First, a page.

Physician Shadowing FAQ

Frequently asked questions about shadowing a doctor.

Clinical Experience Shadowing a Physician

What is shadowing a physician?

“Shadowing” is a term to describe the process of following someone around in an effort to gain first-hand knowledge of that person. Shadowing a physician is no different; it refers to a period of time in which a pre-medical student spends time watching a physician’s daily activities in an effort to learn more about the life of a doctor.

Many hospitals, clinics and other medical organizations consider shadowing opportunities to be no more than observation. It is important to clarify with the organization to what extent you will be able to become involved. Some physicians will allow students to be more active in the patient examination process than others. Students may have the opportunity to interact with patients, while other students may only be allowed to watch with little or no interaction.

Is physician shadowing required to get into medical school?

No… sort of. Many medical schools expect that pre-medical students will have some type of experience shadowing a physician. Osteopathic medical schools explicitly recommend that aspiring D.O.’s spend some time with an osteopathic physician. Osteopathic medicine is a rapidly growing field in primary care and D.O.’s take a slightly different approach to patient care.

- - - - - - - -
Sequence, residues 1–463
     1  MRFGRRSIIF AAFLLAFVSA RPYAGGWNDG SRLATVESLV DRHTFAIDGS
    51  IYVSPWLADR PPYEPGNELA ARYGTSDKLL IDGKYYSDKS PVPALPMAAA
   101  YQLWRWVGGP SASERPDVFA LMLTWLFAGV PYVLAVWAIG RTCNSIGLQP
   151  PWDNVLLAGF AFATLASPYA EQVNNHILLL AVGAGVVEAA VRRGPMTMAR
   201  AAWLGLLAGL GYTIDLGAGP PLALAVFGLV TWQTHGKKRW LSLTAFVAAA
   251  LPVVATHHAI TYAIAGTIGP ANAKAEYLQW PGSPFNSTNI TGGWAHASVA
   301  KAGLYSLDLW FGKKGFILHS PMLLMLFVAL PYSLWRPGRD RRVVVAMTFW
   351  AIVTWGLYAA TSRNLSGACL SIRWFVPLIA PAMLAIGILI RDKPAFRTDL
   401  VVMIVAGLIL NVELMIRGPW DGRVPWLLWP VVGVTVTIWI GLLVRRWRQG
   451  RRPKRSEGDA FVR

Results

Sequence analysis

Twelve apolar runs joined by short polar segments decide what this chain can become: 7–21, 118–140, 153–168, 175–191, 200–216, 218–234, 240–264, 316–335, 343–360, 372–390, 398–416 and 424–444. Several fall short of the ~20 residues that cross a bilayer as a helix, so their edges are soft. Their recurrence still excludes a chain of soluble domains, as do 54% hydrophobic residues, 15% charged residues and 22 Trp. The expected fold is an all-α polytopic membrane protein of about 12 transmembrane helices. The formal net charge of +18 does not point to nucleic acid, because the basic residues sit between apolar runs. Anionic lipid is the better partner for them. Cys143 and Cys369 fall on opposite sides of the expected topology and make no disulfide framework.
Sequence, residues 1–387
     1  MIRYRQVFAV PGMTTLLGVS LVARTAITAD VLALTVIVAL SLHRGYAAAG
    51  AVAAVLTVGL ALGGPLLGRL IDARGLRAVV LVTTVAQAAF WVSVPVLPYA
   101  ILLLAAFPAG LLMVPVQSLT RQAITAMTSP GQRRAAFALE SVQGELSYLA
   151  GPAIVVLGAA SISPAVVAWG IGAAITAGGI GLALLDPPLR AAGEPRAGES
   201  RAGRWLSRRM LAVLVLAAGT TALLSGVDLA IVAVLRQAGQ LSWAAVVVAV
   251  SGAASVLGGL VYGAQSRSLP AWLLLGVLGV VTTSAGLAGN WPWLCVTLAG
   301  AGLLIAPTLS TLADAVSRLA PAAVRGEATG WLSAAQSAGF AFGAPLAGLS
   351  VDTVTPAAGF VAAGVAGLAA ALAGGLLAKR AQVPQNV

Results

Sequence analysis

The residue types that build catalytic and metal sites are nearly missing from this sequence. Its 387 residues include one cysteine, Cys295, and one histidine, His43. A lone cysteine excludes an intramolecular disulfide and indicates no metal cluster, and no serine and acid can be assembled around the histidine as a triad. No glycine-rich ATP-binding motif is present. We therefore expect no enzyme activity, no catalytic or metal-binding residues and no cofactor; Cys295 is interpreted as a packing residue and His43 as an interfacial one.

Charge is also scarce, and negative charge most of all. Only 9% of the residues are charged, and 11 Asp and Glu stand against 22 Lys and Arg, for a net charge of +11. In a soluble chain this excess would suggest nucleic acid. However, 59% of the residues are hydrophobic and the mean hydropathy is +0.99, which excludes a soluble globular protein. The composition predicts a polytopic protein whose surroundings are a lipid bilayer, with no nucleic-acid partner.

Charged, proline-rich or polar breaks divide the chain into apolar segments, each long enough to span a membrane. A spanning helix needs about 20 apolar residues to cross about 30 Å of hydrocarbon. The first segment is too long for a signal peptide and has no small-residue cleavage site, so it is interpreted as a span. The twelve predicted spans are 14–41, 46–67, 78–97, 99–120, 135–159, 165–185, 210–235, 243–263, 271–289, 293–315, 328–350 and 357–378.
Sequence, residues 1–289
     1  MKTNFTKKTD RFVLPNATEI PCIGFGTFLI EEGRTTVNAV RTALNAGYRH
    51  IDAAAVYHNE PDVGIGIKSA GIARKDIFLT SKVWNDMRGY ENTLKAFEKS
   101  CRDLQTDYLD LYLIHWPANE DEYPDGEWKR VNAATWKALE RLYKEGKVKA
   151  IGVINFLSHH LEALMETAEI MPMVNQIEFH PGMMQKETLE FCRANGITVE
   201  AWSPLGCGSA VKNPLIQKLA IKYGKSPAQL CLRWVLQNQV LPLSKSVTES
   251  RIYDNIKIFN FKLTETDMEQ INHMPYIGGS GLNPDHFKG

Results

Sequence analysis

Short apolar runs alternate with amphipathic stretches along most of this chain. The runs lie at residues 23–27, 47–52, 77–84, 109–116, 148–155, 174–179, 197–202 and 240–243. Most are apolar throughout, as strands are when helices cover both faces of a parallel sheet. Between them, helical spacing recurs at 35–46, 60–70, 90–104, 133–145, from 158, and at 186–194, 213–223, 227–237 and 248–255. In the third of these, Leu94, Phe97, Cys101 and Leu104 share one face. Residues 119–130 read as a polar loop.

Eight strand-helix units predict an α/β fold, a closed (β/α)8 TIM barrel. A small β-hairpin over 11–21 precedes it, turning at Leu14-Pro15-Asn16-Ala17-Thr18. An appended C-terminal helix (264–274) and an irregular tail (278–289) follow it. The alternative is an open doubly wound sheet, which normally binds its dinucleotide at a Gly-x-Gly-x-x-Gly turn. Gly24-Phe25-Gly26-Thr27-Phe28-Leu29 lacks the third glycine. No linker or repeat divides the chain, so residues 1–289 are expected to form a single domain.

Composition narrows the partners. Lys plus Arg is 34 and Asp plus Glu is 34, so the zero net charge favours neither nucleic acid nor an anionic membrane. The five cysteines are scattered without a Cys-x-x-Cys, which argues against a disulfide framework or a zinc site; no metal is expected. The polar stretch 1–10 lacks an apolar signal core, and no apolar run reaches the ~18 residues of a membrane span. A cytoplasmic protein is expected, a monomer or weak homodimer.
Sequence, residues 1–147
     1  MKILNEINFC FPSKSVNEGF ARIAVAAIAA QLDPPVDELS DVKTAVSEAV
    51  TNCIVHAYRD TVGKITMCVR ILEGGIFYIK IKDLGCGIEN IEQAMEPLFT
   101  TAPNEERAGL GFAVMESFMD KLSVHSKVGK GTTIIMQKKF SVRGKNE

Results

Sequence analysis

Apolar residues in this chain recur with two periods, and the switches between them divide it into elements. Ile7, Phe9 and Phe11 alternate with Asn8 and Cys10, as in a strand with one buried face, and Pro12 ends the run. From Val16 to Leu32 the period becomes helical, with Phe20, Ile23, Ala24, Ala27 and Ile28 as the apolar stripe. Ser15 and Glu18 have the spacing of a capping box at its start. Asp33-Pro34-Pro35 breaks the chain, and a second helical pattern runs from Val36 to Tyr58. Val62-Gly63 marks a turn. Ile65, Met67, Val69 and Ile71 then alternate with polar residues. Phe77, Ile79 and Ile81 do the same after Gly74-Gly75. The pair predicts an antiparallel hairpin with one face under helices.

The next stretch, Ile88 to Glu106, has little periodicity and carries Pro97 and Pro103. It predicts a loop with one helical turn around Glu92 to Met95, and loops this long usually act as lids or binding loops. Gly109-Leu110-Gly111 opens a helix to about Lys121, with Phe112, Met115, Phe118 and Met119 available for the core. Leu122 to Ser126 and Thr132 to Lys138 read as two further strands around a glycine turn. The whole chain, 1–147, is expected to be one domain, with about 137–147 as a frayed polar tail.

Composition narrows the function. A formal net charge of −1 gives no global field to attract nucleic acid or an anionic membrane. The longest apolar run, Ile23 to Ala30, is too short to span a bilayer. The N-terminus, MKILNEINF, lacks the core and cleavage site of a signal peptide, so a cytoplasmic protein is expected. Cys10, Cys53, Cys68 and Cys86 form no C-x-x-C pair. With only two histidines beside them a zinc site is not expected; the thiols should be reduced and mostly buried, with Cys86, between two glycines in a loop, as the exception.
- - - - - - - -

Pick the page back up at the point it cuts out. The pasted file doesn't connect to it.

How much time should I spend shadowing a physician?

You should spend as much time as possible dedicated to shadowing a physician, but not necessarily with the same doctor. If possible, look into spending a day or two with several physicians who specialize in different areas.

I asked a physician if I could shadow them and the physician told me that I could not due to HIPAA. Why?

 


Patient privacy is of specific concern when it comes to unlicensed personnel watching a physician care for patients. The Health Insurance Portability and Accountability Act of 1996 (HIPAA) Privacy and Security Rules protects the health information of individuals and holds healthcare providers to very strict guidelines. The physician possesses the responsibility to the patient to protect the patient’s privacy. If a pre-medical student were to violate this confidentiality agreement, the physician could incur legal and civil troubles.

Should I shadow a doctor in a hospital setting or in an office?

Shadowing a physician in an office and shadowing a physician in a hospital provide their own unique benefits to the shadowing experience. A private office may provide premedical students with a more relaxed experience as well as provide insight to the life of doctors who own their own practice. On the other hand, hospitals generally have a more diverse collection of specialties which leave the student with and assortment of experiences in a shorter period of time.

Premedical students will find that not all physicians will allow students to shadow them. Also, many hospital have explicit policies forbidding any shadowing opportunities. Be sure to ask about the policies regarding shadowing opportunities before assuming that all organizations are alike.

Also, if you are shadowing a physician at a hospital, check with the hospital to inquire about any policies and procedures prior to your arrival. Students may be required to get a parking pass, a visitor’s badge, have a HIPAA class, and sometimes background checks or drug screenings. These are all things that premedical students should consider when preparing to shadow a doctor, even if the student requested the doctor and not the hospital.

See Also: Shadowing Etiquette – How to Act, What to Wear, and What to do while shadowing a doctor.


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